Kevin Drum dismisses Kunstler's book The Long Emergency on the grounds that he tries to explain most everything through entropy. Well sure, the blatant misappropriation of physics concepts is one reason to dismiss the guy's post-apocalyptic predictions, but why stop at just one? How about the fact that Kunstler really isn't an oil expert? He was a staff writer for The Rolling Stone , published a string of (self-described) bad novels, and then wrote a few books on the crushing soullessness of suburban architecture. Hearing him confidently predict the end of civilization definitely has a crazy-guy-on-Venice feel to it. But no, you say, Rolling Stone published excerpts from the book, and if RS thinks they have merit, they probably do. Or at least they would, if Kunstler hadn't worked for RS, thus pulling that appearance into question. But maybe pseudo-physics and lack of credentials aren't enough for you. Maybe you still need one last piece of evidence that it's not quite time to head...
  • "Fundamentally Anti-Democratic"

    According to Jason Spitalnik, the House is planning 30 minutes of debate before passing the Bankruptcy Bill tomorrow. 30 minutes! I spend more than 30 minutes picking out movies at Blockbuster. I spend more than 30 minutes deciding on takeout with my friends. I spend more than 30 minutes on the treadmill. You're telling me I spend more time on the treadmill than the Senate spends debating major legislation? Jason calls this fundamentally anti-Democratic. True 'nuff. But it's also a basic affront to the idea of deliberative democracy. Good government is laying in the mud with the Republican Leadership's foot digging into its throat. and I'm sure it'd appreciate it if the press noticed, or if media populists like O'Reilly found a mere 30 minutes of debate on an anti-family bill half as deserving of airtime as some elementary school teacher saying a naughty thing about Bush. But we've reached a point in this country where the major offenses are too toweringly repugnant to wrap our minds...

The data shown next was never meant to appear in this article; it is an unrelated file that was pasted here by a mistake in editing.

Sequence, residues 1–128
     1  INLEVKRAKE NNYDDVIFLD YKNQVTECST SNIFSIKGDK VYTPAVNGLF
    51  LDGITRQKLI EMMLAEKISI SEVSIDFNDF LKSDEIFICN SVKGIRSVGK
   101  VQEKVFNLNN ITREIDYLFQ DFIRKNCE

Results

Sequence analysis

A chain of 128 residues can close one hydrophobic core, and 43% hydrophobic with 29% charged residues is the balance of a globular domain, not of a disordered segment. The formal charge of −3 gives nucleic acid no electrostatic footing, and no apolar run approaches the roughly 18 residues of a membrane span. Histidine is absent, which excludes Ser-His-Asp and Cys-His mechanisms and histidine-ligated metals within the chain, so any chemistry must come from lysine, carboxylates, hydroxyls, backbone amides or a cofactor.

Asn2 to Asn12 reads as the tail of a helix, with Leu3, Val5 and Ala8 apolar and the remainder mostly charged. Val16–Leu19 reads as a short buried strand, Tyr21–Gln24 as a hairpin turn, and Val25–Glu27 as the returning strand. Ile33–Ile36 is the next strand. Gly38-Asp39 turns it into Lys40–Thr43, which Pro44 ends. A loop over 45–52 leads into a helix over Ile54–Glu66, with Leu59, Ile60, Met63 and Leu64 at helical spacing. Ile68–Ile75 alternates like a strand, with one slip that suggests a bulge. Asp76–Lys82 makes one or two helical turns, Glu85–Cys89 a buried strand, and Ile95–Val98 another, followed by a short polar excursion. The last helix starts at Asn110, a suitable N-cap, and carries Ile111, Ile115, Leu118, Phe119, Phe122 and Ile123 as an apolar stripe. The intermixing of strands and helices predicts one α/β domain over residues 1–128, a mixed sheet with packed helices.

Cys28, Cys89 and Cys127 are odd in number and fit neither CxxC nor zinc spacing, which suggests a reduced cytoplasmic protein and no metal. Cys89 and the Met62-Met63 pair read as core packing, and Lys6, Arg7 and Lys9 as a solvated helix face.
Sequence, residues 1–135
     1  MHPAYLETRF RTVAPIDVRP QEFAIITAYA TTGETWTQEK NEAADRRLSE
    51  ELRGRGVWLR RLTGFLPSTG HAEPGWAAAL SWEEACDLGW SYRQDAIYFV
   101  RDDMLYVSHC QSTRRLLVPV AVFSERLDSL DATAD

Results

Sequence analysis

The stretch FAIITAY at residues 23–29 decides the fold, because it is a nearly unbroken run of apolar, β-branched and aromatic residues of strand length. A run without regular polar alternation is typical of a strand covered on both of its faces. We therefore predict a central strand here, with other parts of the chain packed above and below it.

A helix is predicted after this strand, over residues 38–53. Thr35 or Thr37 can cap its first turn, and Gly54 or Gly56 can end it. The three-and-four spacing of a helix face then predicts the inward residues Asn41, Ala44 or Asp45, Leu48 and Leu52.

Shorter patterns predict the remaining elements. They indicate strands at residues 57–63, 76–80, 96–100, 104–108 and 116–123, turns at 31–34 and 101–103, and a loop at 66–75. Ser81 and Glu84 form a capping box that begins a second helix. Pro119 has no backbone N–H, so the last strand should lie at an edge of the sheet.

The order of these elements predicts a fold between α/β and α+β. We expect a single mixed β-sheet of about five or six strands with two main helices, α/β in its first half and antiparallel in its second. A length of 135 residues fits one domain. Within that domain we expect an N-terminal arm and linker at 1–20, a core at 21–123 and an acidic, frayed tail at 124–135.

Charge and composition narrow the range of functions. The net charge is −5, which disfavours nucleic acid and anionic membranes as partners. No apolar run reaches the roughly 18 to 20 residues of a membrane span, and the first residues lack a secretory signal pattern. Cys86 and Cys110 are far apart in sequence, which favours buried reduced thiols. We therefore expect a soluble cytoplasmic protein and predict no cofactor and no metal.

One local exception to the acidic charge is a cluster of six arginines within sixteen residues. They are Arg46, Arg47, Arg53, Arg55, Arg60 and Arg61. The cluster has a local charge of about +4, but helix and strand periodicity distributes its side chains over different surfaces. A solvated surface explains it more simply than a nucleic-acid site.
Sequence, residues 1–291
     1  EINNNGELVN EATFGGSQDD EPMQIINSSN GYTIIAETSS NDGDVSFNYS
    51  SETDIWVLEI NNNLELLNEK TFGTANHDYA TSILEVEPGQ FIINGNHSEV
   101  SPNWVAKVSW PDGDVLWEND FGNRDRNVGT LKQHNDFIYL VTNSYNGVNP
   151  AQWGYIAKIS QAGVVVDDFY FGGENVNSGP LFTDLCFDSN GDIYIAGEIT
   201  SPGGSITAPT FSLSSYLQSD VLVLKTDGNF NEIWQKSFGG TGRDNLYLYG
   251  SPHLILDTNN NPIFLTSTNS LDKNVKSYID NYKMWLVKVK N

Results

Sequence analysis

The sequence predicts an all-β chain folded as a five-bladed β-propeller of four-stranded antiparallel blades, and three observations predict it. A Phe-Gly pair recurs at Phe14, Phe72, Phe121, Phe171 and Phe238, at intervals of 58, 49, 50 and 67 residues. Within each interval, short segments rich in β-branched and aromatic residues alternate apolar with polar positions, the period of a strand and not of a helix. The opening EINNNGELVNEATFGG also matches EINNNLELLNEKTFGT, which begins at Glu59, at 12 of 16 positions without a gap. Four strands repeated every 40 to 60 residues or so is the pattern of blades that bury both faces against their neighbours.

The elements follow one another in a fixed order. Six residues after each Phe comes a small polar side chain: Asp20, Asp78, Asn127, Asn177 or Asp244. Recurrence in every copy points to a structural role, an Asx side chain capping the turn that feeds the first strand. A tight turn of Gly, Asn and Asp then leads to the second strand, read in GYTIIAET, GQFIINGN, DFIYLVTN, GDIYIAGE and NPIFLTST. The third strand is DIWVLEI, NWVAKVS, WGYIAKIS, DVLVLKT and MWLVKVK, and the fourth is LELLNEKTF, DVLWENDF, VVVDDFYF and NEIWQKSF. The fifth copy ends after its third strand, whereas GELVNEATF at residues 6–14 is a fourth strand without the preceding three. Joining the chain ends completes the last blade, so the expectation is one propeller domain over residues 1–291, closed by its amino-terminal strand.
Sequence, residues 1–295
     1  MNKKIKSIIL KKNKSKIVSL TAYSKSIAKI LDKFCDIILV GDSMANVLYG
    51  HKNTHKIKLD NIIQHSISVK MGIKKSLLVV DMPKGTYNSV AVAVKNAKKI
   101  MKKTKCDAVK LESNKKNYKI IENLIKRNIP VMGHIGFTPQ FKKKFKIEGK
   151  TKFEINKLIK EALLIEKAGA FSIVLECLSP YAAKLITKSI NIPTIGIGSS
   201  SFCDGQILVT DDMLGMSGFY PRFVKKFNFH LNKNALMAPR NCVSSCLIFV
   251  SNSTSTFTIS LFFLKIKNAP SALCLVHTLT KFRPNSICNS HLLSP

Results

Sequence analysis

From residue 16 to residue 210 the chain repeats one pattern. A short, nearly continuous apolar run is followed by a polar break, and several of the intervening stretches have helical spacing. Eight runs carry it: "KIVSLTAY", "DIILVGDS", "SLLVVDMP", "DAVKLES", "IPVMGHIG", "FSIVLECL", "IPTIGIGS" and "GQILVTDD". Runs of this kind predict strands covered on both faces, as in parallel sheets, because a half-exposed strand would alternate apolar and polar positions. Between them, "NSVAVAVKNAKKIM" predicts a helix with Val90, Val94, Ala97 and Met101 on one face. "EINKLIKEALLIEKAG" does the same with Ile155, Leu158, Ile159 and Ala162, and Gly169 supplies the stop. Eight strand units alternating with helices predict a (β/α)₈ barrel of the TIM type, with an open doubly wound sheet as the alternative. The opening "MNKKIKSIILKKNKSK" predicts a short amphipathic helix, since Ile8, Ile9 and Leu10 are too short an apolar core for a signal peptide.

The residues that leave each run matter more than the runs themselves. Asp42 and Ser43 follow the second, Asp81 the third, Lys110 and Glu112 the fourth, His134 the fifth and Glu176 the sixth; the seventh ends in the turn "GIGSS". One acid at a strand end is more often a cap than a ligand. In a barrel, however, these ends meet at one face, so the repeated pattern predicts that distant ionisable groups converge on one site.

• Nepotism

    I keep trying to summon up some rage and bile over the practice of Congressmen employing their families, but I just can't. Businesses employ family members all the time. Politics is an all-consuming occupation. If families can find ways to involve the clan, all the better. Dana Rohrabacher paying his wife $40,000 to manage his campaigns doesn't bother me (and he's my congressmen, by the way). In fact, I'm glad he does it -- hopefully it makes the process a bit less grueling for him. Tom DeLay paying his wife and daughter $500,000 over 4 years also isn't too shocking, that's an average of $62,500 per year per family member which, assuming they actually did jobs, isn't particularly excessive. Now, if there are congresscritters paying their wives and children princely sums in return for occasionally decluttering the congressman's desk, I'll call for the guy's head. But simple nepotism at fair prices is too pervasive, too understandable, and too unthreatening to really raise my blood...
  • Peak Oil